Another way that strategic buyers can impact the premiums is by increasing competition for the target company. For example, when multiple strategic buyers are vying for the same acquisition target, premiums can skyrocket as each buyer tries to outbid the others.
In this case, the buyer with the most compelling strategic rationale may be willing to pay the highest premium to secure the deal. For example, acquiring another company will expand the business, enter a new market, or create opportunities to access new technologies or products.
Connected to M&A, a strategic buyer will be more willing to pay the extra dollar than a financial buyer because a strategic organization sees more value in the target company.
The buyer must analyze the company’s characteristics, such as:
- Their intellectual property
- Their target market
- How they distribute its network
Essentially, M&A will drastically ‘overpay’ to purposely gain control of a company to project greater revenue,, and higher cost savings.
Ultimately, strategic buyers play a critical role in shaping premiums and driving M&A activity. They can create value for themselves and the acquired company by bringing a unique perspective and deep.
Let’s look at an example between pharmaceutical and biotech companies.
A pharmaceutical company is looking to expand its portfolio by acquiring a much smaller biotech company that specializes in developing cancer treatment. Why does the pharmaceutical company want to buy out this smaller biotech company, profit or power?
Because this pharmaceutical company seeks potential in the biotech company due to its proprietary technology and expertise, it increases value, thus increasing power.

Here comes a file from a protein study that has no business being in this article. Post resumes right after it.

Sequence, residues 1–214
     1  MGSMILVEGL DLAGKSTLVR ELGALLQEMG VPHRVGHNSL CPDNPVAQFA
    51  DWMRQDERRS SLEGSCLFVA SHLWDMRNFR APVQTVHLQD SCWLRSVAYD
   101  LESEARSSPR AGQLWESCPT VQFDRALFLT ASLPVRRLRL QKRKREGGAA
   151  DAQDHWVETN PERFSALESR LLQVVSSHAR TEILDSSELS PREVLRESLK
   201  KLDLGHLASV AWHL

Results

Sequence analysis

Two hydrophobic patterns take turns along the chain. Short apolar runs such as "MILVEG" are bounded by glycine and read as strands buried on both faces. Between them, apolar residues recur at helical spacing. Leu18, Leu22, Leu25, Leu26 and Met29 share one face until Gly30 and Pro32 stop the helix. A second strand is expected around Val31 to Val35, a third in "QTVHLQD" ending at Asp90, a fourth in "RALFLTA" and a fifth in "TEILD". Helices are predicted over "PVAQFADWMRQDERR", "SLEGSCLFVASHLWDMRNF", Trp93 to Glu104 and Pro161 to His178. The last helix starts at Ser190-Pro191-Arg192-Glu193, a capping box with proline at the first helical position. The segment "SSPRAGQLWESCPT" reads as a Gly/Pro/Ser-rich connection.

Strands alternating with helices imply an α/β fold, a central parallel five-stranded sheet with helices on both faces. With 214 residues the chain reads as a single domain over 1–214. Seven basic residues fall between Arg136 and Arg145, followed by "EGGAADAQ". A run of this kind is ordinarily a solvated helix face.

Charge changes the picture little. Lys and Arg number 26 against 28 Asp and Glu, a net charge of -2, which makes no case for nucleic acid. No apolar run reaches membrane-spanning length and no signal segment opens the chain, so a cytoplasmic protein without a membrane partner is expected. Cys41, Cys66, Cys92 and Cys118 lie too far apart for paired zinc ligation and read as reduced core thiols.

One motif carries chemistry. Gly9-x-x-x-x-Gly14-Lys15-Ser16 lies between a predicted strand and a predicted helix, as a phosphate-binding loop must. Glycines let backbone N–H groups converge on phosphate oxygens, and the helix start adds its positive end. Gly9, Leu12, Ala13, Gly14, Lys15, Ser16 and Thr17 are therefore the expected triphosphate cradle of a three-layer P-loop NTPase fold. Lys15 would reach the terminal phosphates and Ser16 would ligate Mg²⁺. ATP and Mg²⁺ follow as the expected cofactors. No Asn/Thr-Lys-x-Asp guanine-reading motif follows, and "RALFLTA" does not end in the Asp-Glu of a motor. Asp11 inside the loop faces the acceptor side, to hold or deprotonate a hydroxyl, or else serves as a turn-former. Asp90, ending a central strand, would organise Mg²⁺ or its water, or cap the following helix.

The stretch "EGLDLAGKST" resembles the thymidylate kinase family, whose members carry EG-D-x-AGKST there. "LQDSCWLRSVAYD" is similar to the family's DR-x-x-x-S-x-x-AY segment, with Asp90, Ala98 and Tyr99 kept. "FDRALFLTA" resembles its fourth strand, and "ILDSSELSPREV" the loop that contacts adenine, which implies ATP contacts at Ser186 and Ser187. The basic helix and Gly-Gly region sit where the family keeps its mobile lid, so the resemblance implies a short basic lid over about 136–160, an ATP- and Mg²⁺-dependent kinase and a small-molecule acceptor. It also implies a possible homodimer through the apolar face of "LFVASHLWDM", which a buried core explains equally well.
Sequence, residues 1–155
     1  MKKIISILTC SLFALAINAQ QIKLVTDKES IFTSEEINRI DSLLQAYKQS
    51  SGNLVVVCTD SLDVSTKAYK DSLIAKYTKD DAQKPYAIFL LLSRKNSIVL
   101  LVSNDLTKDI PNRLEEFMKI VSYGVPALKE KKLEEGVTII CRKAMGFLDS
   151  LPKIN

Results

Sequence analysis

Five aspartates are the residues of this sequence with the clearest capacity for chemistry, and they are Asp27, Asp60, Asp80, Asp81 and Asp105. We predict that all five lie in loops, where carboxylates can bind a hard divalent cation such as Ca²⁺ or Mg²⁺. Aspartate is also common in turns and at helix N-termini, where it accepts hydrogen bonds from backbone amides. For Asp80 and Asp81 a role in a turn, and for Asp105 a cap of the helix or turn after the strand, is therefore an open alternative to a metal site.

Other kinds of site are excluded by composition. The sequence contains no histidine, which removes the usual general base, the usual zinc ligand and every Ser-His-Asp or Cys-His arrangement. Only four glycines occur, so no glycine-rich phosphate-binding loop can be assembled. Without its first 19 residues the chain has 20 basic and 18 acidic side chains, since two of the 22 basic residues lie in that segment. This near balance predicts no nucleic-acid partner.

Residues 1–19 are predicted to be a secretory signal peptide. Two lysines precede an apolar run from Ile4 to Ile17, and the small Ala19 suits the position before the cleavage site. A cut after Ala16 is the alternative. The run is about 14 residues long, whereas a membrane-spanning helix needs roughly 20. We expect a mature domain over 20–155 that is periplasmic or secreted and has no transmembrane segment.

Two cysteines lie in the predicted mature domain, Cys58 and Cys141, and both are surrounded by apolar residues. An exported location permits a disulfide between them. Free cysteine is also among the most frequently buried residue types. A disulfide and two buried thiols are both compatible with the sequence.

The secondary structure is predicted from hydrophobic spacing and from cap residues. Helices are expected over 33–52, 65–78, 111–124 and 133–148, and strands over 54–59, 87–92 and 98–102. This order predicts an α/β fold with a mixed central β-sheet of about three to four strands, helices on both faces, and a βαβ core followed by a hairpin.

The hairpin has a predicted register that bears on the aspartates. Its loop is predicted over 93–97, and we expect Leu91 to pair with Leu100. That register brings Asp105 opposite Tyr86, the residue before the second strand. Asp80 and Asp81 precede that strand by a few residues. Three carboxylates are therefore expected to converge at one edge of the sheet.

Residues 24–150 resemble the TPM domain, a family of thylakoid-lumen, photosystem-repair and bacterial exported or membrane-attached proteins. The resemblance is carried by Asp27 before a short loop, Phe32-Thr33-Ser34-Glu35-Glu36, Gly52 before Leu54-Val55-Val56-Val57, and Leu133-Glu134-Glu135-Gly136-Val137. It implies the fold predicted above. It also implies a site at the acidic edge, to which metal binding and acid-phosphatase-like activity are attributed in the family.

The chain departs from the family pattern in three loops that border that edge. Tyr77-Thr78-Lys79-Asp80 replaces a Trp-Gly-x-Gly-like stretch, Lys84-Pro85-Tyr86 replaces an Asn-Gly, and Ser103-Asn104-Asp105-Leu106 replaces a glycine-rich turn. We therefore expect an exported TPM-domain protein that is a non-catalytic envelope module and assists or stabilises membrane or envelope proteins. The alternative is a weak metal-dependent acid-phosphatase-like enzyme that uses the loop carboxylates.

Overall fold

As a strategic buyer, the pharmaceutical company brings a unique perspective. It deeply understands the oncology market and the challenges patients and healthcare providers face. Another positive is that it has an extensive network of relationships with regulatory agencies and key opinion leaders in the industry.
By leveraging its strategic advantages, the pharmaceutical company can identify opportunities to drive growth and create synergies in the biotech company; an example is listed below.
It may see the potential to combine the biotech company's technology with its existing product portfolio, creating a suite of complementary treatments for cancer patients.
It may be helpful to have insights into specific geographic markets where the biotech company's products would be particularly effective and be able to tailor its marketing and distribution strategies accordingly.
Knowing your target market and predicting which market will work best will theoretically increase your opportunity rate and revenue.
The pharmaceutical company sees the potential for strong long-term growth in oncology. It is willing to pay a higher premium to acquire the biotech company and gain access to its technology and expertise. However, the pharmaceutical company may run into risk.
Furthermore, the strategic buyer's influence can create a competitive bidding environment for the biotech company, further driving up the control premium.
Other potential buyers in the pharmaceutical industry may see the value in the biotech company's technology and seek to acquire it themselves, forcing the strategic buyer to offer a higher premium to secure the deal by beating other competitors by offering more.